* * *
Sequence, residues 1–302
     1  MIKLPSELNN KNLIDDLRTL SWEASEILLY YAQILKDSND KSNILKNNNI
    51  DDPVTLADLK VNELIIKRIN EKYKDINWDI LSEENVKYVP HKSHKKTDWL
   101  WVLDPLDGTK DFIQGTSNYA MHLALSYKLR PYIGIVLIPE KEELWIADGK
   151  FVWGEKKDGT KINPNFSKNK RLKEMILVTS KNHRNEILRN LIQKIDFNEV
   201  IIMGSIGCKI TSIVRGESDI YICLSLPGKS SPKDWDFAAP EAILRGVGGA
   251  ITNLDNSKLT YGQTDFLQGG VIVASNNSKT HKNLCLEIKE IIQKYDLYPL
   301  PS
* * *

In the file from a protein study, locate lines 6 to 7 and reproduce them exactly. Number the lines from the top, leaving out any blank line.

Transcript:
   201  IIMGSIGCKI TSIVRGESDI YICLSLPGKS SPKDWDFAAP EAILRGVGGA
   251  ITNLDNSKLT YGQTDFLQGG VIVASNNSKT HKNLCLEIKE IIQKYDLYPL